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Gene Review

CLDN5  -  claudin 5

Homo sapiens

Synonyms: AWAL, BEC1, CPETRL1, Claudin-5, TMDVCF, ...
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Disease relevance of CLDN5

  • Three of these 11 genes (NPTX2, SARP2, and CLDN5) were selected for further analysis in a larger panel of specimens, and aberrant methylation of at least one of these three genes was detectable in 100% of 43 primary pancreatic cancers and in 18 of 24 (75%) pancreatic juice samples obtained from patients with pancreatic cancer [1].
  • Quantification performed determining the expression for TJ-molecules displayed diminished expression for CLDN-1 (p<0.01) and CLDN-5 (p<0.01) in patients with chronic venous insufficiency in comparison with healthy controls on mRNA as well as protein level [2].
  • Densitometric evaluation revealed a more significantly elevated expression (p<0.01) for CLDN-1 and CLDN-5 on mRNA and protein level after four weeks of compression therapy in comparison with prior to treatment for the edema as well as the leg ulcer group [2].
  • Because the primary endothelial TJ molecules, including claudin-5, occludin, and JAM-1, are expressed as early as 16 wk in the blood brain barrier and since as they are not decreased in GM vasculature compared with cortex and white matter, they are unlikely to be responsible for GM fragility and vulnerability to hemorrhage in premature infants [3].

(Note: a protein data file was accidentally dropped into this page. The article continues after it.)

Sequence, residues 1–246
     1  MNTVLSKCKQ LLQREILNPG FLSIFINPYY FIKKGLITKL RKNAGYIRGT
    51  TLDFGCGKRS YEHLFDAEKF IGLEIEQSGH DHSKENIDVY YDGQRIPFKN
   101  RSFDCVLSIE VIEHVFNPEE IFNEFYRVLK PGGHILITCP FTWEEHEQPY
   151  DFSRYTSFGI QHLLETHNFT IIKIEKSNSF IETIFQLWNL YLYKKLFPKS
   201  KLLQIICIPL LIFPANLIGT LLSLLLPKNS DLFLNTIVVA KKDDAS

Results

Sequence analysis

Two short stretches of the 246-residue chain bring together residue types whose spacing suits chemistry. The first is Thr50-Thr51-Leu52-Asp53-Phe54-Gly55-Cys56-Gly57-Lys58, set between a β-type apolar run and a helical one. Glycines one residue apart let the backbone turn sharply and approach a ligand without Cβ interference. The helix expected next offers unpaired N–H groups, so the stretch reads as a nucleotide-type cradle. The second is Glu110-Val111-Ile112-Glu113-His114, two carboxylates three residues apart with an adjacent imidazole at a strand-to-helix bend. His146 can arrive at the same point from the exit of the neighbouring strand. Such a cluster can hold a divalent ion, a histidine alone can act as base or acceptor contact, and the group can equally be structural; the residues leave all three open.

• Claudin 5 was preferentially expressed only in vessels, and occludin staining ranged from negative to weak in ameloblastomas and teeth germs [4].

High impact information on CLDN5


Biological context of CLDN5

  • The transmission disequilibrium test (TDT) showed that of three SNPs, rs10314 in the 3'-untranslated region of the CLDN5 locus was associated with schizophrenia (chi(2) = 4.75, P = 0.029) [8].
  • The upregulation of claudin 5 correlates with permeability changes that occur during the intermediate stage of RPE development [9].
  • The objective of this study was to compare the expression of endothelial TJ molecules, including claudin-5, occludin, and junction adhesion molecules (JAM), among blood vessels of GM, cortex, and white matter for fetuses and premature infants of gestational age 16-40 wk, and to examine their maturational changes with advancing gestational age [3].
  • By contrast, no changes of barrier properties were detected in cells with a high transepithelial resistance (MDCK-C7) after stable transfection with claudin-5 cDNA [10].